Antiplatelet effect by p-cresol, a uremic and environmental toxicant, is related to inhibition of reactive oxygen species, ERK/p38 signaling and thromboxane A2 production.
ABSTRACT P-cresol is a well-known uremic toxin and environmental toxicant that may affect platelet functions. In this study, p-cresol (1-5 μM) inhibited the arachidonic acid (AA)-induced platelet aggregation, with 47% and 82% of inhibition at concentrations of 2 and 5 μM, respectively. Under similar experimental condition, p-cresol showed little effect on the U46619-induced platelet aggregation. p-cresol (<500 μM) revealed no discernable cytotoxicity to platelets as analyzed by quantification of lactate dehydrogenase release. Antiplatelet effect of p-cresol was related to inhibition of thromboxane A(2) (TXA(2)) and prostaglandin D(2) (PGD(2)) formation. P-cresol (2-100 μM) partly inhibited the AA-induced reactive oxygen species (ROS) production as well as the extracellular signal-regulated kinase (ERK1/2) and p38 phosphorylation in platelets. P-cresol further inhibited the AA-induced aggregation of rabbit platelet-rich plasma (PRP) with an IC50 of 2 μM and aggregation of human PRP (IC50 = 13.6 μM). Intravenous administration of p-cresol (250-1000 nmole) into mice effectively suppressed the ex vivo platelet aggregation, whereas showed little effect on the value of RBC, hemoglobin (HGB), hematocrit, MCV, MCH, MCHC, platelets and lymphocyte counts. These results indicate that in acute p-cresol-poisoning and long-term exposure to cresol as in severe uremic patients, p-cresol may potentially inhibit blood clot formation and lead to hemorrhagic disorders via inhibition of platelet aggregation, ROS production, ERK/p38 activation and TXA(2) production.
- Journal of Neurophysiology 04/1964; 27:152-71. · 3.30 Impact Factor
- The Journal of Comparative Neurology 05/1981; 197(4):579-603. · 3.66 Impact Factor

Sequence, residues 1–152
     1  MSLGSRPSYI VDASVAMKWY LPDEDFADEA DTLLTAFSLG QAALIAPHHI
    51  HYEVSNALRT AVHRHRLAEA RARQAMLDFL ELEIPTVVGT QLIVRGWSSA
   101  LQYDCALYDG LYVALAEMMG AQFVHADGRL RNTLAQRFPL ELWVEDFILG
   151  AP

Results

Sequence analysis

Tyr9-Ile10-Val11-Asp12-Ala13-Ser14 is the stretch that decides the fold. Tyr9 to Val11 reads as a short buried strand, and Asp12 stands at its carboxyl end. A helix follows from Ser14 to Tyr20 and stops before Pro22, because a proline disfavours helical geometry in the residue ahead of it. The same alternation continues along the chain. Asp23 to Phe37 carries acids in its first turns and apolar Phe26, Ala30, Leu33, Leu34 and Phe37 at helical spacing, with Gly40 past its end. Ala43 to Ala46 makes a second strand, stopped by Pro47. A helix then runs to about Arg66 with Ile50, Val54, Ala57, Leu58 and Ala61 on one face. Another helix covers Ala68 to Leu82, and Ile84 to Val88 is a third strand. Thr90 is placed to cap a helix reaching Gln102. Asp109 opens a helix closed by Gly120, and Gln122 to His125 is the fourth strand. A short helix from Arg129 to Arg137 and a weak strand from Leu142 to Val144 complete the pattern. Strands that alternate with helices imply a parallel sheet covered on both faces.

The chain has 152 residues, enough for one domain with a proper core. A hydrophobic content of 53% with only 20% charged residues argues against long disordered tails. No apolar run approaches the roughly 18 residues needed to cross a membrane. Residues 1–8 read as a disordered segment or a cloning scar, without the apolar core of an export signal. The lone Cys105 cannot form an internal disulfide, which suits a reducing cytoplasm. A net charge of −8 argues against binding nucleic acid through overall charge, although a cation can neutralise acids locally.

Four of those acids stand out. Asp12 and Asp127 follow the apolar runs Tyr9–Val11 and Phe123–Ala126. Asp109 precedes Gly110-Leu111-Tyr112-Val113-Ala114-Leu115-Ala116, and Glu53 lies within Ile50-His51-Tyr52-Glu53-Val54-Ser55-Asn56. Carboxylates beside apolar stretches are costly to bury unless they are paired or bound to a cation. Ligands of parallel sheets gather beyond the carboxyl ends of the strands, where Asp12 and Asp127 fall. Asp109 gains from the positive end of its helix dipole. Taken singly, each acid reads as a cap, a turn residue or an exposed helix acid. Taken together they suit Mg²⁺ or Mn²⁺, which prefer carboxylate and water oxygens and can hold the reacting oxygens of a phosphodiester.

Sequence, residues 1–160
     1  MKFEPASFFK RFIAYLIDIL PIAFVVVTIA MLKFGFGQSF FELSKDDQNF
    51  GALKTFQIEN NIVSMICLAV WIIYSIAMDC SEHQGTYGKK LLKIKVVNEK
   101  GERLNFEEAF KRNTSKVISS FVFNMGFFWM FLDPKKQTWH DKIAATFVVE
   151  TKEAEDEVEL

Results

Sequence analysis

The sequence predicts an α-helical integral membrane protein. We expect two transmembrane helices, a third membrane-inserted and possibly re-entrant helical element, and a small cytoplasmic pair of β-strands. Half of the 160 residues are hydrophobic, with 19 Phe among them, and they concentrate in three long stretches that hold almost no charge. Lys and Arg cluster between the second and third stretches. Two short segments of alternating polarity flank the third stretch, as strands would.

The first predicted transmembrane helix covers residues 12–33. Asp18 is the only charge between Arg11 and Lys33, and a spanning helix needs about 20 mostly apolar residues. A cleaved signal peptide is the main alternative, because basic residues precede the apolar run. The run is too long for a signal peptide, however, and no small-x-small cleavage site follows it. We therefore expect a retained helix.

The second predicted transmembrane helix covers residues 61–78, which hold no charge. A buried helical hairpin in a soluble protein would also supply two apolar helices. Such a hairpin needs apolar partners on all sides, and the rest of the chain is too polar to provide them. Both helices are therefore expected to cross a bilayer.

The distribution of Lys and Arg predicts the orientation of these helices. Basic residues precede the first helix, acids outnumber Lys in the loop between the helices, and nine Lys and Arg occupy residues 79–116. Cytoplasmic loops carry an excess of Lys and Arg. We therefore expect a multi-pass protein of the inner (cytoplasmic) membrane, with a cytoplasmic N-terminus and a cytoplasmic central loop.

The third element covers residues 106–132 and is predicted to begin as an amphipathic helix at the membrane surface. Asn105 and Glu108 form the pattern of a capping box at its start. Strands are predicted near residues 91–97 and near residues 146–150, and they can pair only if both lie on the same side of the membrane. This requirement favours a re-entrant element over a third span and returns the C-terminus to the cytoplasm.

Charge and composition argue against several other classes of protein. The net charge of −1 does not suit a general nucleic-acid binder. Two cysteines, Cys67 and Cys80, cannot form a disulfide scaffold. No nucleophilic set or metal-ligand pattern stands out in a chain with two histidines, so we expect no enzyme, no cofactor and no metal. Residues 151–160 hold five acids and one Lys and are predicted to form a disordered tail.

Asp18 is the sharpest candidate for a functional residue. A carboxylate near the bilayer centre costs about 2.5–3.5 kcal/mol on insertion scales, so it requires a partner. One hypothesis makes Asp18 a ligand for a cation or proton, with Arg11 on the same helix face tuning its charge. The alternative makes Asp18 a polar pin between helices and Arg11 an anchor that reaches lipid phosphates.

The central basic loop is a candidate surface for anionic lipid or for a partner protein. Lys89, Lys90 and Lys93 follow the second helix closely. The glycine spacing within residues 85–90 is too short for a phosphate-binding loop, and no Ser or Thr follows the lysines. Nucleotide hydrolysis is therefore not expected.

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ABSTRACT: The significance of oscillations that characterize the subthalamic nucleus in Parkinson's disease is still under debate. Here, we analysed the spectral and spatial characteristics of 314 microelectrode trajectories from 128 patients undergoing subthalamic nucleus deep brain stimulation surgery for Parkinson's disease. We correlated the subthalamic nucleus pathophysiology with the outcome of surgery, as evaluated by the third section of the Unified Parkinson's Disease Rating Scale (motor score), which was subdivided into tremor, rigidity, limb-bradykinesia and axial-bradykinesia subscores. beta-oscillatory activity (13-30 Hz) comprised a continuous stretch within the subthalamic nucleus, and was limited to a distinctly-bounded dorsolateral oscillatory region. Although less consistent and more sporadic, low-frequency (3-7 Hz) power was also increased in the dorsolateral oscillatory region. In contrast, the more ventral subthalamic nucleus was characterized by consistently reduced beta and increased gamma (30-100 Hz) activity. Neuronal responses to passive arm movement (analysed by their alignment to goniometer tracing of the joints' angular displacement) were significantly more common in the dorsolateral oscillatory region than the ventral subthalamic nucleus region (62 versus 25% of sites tested respectively, P<0.01). The length of the dorsolateral oscillatory region recorded in the macroelectrode-implanted trajectory predicted a favourable response to subthalamic nucleus deep brain stimulation (R=0.67, P<0.0001). This correlation was also evident for improvement in the specific symptom subscores of rigidity, limb-bradykinesia and axial-bradykinesia (P<0.05). Similarly, increased subthalamic nucleus beta power was associated with postoperative improvement. In contrast, the preoperative response to levodopa did not correlate with dorsolateral oscillatory region length (P=0.33), however, it did tend to be associated with increased beta (and decreased low frequency) subthalamic nucleus power. Finally, the active macroelectrode contact, independently selected by optimal clinical outcome, coincided with the dorsolateral oscillatory region centre. On average, the location of the active contact was not significantly different from the dorsolateral oscillatory region centre (P=0.10), but was significantly different from the subthalamic nucleus centre (P<0.0001). We conclude that the spatial extent of the dorsolateral oscillatory region, which overlaps the motor territories of the subthalamic nucleus, predicts the outcome of subthalamic nucleus deep brain stimulation. Thus the frequency and spatial characteristics of the subthalamic nucleus trajectory may be used for deep brain stimulation outcome optimization.Brain 07/2010; 133(Pt 7):2007-21. · 9.92 Impact Factor